To be sure, many of the convoy’s organizers have well-established extremist far-right and white supremacist ties. But, as Lyle noted, it’s still possible to “speak to the underlying concerns” of sympathizers fatigued by pandemic restrictions while encouraging them to distance themselves from undemocratic and racist organizers. The goal, according to Lyle, should ultimately be to restore confidence in government and its ability to protect citizens from extremism through such communication.

On that end, Trudeau needed to be seen more by Canadians—and earlier. In polarizing times, centering messaging on the real, human impact of a crisis can promote unity. Trudeau had an opportunity to prove his leadership by steering the conversation toward everyday Canadians. But he didn’t have conversations with the vaccinated truckers unable to work because of the border blockade, the Ottawa residents up at night due to the convoy’s honking, or the Ottawa small business owners whose storefronts were vandalized. Instead, he let his cabinet ministers largely do the talking, and when he did speak, critics accused him of vilifying many Canadians.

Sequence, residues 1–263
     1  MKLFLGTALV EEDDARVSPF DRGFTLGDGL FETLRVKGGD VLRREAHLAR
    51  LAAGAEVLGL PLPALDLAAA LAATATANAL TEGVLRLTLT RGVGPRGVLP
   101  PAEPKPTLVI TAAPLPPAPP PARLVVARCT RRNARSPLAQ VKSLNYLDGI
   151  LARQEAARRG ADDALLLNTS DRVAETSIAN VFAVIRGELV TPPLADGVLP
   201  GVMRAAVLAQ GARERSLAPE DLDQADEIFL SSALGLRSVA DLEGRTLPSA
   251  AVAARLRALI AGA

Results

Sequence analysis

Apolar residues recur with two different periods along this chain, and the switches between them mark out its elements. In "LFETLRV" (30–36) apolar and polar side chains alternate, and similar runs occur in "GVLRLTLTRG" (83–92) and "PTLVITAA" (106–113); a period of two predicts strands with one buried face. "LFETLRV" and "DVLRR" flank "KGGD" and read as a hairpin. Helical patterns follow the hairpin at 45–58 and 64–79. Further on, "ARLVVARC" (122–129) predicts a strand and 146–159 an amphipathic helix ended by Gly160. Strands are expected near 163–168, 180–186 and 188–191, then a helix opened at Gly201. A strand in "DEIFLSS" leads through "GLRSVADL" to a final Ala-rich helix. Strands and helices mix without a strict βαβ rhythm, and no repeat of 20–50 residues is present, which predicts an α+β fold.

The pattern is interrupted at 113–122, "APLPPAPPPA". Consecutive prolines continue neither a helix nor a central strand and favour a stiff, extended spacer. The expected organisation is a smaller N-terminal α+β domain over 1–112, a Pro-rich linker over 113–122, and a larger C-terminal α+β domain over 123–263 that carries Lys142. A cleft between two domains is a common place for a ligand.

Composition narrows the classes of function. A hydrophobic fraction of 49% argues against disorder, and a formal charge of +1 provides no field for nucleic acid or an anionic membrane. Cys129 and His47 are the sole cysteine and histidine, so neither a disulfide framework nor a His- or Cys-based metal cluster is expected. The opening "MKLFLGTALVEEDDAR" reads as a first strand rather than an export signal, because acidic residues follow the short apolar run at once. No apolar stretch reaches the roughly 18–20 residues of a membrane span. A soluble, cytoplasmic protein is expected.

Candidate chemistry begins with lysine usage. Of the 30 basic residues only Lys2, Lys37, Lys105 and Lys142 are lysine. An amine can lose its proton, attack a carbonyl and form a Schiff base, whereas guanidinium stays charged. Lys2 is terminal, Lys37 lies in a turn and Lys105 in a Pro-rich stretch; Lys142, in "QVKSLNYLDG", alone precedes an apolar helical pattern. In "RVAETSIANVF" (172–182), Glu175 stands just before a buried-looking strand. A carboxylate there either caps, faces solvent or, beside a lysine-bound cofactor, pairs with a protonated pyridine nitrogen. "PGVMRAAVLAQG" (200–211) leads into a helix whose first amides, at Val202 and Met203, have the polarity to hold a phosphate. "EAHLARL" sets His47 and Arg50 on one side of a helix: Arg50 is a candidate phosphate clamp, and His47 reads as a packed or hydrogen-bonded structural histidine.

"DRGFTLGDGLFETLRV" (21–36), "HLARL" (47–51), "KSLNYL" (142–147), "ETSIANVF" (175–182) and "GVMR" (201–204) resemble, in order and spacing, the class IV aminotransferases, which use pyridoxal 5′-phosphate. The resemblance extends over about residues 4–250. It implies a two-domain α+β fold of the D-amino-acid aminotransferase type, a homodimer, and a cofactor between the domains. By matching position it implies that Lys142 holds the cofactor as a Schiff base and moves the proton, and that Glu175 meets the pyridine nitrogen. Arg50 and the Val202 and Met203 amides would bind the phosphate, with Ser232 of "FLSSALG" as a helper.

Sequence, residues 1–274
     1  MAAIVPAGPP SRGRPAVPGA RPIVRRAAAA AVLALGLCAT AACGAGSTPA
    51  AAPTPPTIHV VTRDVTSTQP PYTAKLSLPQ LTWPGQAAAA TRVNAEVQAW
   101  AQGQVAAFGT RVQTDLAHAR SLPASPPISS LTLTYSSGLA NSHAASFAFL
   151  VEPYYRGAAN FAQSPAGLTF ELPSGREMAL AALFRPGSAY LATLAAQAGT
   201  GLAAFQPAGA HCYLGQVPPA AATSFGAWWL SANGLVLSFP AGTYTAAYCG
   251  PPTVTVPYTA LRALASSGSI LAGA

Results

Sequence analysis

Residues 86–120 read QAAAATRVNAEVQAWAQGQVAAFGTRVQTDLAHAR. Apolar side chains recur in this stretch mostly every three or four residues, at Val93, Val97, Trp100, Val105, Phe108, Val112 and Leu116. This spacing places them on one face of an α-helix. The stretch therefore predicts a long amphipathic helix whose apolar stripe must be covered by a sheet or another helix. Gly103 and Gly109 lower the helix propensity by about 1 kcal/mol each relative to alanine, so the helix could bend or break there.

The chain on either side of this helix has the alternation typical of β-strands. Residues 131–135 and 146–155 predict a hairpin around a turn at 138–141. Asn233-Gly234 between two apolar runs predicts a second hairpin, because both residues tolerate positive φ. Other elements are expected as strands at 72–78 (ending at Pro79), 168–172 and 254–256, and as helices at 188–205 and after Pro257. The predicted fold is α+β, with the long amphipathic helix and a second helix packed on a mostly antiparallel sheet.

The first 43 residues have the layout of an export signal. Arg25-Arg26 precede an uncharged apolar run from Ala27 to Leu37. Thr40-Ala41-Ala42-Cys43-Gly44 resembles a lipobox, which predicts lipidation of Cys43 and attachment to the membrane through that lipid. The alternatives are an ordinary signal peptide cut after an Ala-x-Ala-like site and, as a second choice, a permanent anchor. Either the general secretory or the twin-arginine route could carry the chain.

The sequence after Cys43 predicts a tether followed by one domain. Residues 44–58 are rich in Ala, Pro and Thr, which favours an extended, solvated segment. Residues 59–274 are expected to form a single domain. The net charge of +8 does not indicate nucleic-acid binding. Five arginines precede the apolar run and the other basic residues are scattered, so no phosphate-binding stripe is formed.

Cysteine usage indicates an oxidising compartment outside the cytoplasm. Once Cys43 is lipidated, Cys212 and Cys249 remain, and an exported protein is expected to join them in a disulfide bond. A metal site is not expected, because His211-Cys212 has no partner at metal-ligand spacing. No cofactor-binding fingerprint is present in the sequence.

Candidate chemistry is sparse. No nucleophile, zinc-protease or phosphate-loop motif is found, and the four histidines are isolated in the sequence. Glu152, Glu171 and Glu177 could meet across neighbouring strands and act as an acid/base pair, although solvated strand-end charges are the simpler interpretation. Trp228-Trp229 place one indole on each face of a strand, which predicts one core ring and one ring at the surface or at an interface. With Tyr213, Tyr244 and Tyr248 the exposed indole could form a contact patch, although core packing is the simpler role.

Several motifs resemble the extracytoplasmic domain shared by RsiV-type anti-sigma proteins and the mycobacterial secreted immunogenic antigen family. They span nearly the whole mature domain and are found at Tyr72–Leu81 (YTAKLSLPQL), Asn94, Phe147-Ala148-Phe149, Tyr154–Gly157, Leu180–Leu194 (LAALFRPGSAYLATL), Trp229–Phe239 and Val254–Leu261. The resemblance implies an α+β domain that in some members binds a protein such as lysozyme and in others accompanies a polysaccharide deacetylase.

Amid a crisis that captured international media attention, this absence left a communications void that was ultimately filled by domestic critics and even foreign figures looking to advance their own populist branding. Instead of hearing from Trudeau, the public heard from figures like divisive right-wing U.S. politicians Sen. Ted Cruz and former U.S. President Donald Trump, who praised the convoy and called for similar ones in the United States. (These have now been planned, without much success, throughout the country.)

For now, it’s unclear how Trudeau’s handling of this crisis will affect Canadians’ confidence in their government long term. The Feb. 18 police action was successful—the final convoy in Ottawa was cleared, as were the border blockades, with little violence—a credit to Canadian institutions’ ability, albeit belatedly, to get the job done.

At least from a global perspective though, the crisis—and Trudeau’s relative absence—has tarnished Canada’s image abroad. “Canada is normally seen as our saner northern neighbor, and somewhat immune from the populist politics and the polarization of the U.S.,” Bruen said. “I’m not sure about that anymore.”

Claire Porter Robbins is a journalist in Calgary, Alberta, and the founder of Btchcoin News. She has worked as an aid worker in the Middle East and in strategic communications for a United Nations peacekeeping mission.